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Budget IT inquiry puts spotlight on senior leadership

Sarah Putt, Contributor. 05 March 2020, 3:23 pm

Like a Greek tragedy, official reports into Government IT failures often reveal a fatal flaw which has doomed the project from the outset. The Budget 2019 botch up, where information was accessed online before the official announcement, is no exception. In this case the 'fatal flaw' appears to have been a complete and utter lack of oversight of the project by anyone in Treasury with any senior authority.

As Rob O'Neill writes in the NBR today: "Last week, the State Services Commission's report into the Budget 2019 'hack' at Treasury revealed a host of governance and perhaps structural failures, not least in the lowly worth seemingly given to the CIO in particular, and to the corporate services function in general."

The 35-report makes for the kind jaw-dropping read that you get when an inquiry is led by a competent professional - in this case independent director Jenn Bestwick - who just lays it all out there in its full awfulness. So that you find yourself wondering aloud on almost every page just how the whole shemozzle could have gone so far.

Here's a quick summary:

In 2014 the Treasury owned and operated Central Agencies Shared Services (CASS) issued an RFP for a new web hosting platform that would include the development of 5/6 agency websites. None of the RFPs met the tender pricing so it was decided to modify the scope. And that is where the problems began. In doing so they removed the 'Budget Day Scenario' (BDS) - the online publication on Budget Day of budget documents - from the project.

Over the next two years the project was deployed by the vendor, and the websites came online. The last deployment was the Treasury website because this was considered the most complex. It was late getting started - mid-2017 - and so it was again decided to leave out the BDS. Then, a few weeks out from Budget Day in 2018, it was discovered that the way they had previously managed publication of the documents wouldn't work with the new website. Instead, it was decided to create a "vaulted clone" (an online replica of the site) and swap it over with the existing site when the Budget went live at 2pm on the day.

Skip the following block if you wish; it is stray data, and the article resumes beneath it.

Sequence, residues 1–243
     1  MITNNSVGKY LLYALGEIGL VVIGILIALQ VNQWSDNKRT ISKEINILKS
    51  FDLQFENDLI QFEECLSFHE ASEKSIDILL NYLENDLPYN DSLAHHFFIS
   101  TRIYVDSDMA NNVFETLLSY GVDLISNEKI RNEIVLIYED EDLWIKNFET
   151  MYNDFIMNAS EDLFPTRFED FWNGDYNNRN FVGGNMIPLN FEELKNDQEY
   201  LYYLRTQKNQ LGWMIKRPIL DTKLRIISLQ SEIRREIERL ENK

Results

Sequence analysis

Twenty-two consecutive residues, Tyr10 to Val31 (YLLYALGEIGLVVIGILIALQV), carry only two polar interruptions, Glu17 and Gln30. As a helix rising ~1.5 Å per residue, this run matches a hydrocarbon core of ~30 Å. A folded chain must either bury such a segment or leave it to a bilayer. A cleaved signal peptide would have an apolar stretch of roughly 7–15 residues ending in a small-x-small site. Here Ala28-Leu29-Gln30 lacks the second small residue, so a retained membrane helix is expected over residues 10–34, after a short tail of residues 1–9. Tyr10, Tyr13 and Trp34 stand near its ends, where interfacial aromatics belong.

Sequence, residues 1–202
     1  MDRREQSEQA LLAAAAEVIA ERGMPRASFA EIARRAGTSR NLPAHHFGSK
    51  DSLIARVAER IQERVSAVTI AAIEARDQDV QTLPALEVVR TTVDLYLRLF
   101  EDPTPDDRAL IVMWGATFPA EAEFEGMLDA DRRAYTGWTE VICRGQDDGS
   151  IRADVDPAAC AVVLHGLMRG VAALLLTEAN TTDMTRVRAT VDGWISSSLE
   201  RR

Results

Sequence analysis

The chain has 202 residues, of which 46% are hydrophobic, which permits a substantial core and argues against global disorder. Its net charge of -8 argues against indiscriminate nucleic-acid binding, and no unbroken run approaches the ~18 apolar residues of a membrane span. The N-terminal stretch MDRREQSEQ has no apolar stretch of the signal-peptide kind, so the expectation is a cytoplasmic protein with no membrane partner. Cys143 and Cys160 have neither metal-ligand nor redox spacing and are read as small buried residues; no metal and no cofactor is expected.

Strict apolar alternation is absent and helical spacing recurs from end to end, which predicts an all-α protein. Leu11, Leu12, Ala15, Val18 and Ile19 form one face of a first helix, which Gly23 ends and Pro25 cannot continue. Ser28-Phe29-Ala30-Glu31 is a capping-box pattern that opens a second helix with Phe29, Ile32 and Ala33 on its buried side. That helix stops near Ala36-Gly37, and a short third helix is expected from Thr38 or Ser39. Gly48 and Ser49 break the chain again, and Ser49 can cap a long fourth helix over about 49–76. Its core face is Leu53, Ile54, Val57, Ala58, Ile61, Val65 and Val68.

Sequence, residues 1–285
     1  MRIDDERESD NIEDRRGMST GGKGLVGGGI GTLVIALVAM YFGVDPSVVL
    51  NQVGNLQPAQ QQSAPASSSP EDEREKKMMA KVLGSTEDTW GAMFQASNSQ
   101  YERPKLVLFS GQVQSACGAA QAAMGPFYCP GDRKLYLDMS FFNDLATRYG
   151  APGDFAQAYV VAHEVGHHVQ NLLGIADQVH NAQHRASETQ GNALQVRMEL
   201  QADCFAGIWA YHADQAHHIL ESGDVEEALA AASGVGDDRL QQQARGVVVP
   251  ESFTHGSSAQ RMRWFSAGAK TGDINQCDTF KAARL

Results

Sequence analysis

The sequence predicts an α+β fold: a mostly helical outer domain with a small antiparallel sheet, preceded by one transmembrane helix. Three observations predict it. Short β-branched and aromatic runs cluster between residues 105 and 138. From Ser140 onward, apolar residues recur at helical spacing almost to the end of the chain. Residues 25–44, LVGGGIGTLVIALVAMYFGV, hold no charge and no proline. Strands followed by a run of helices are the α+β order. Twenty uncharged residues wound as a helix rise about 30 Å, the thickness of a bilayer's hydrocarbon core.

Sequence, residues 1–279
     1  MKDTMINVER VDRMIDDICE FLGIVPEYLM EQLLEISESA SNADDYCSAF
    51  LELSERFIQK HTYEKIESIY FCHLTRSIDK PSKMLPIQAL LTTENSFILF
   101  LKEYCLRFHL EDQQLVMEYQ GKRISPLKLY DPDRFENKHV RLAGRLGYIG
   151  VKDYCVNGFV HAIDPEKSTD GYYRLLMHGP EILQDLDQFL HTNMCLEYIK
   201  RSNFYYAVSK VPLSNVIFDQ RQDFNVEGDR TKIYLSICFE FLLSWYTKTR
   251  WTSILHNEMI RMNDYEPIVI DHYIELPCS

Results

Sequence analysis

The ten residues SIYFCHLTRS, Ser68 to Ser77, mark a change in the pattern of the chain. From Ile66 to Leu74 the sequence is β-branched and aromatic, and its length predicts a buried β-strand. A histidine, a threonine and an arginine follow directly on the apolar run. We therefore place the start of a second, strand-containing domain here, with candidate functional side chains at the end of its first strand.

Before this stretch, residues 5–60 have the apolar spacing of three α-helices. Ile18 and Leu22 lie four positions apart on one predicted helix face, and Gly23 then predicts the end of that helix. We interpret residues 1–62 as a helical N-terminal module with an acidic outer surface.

There was the risk that because the live site and the cloned site shared the same index, that a person searching for terms beforehand could access the headline and "snippet information", but this would be followed by an Error 404 script so they would not be able to see the whole document. They got away with it in 2018 but, as we know, not in 2019.

When bits of the Budget were made public ahead of Budget Day, it raised a media storm, which the Treasury Secretary at time, Gabriel Makhlouf, compounded by claiming it was a "hack" - and the circumstances around that have been well canvassed.

While Makhlouf was dealing with the media fallout, the IT team was seeking an explanation from vendor - but it turned out they were in hot seat. When the vendor was told about the cloned site and shared index (which they had no previous knowledge of) they advised that the link should be removed and then, within an hour they re-indexed the clone site so that it would be ready to go live a couple of days later. Until then the IT team had never asked the vendor for advice about re-indexing the cloned site.

In the media release that accompanied this report, State Services Commissioner Peter Hughes cited four points from the Inquiry - the series of technical decisions, governance and oversight falling short, risk management process not good enough and security concerns not escalated.

But, as O'Neill points out in his article today, the buck stops at the top when senior management are not engaged with operational matters. The situation is neatly summed up on page 20 of the report:

"The vulnerability in this area was further exacerbated by a reported organisational belief that work on core business operations is less valued or important than policy work or other core economic or fiscal functions of the Treasury and therefore not prioritised."

If you work in IT and that sounds like your organisation, then you might want to send a copy of the report to your CEO. But be sure to read it first, it is quite the drama. 


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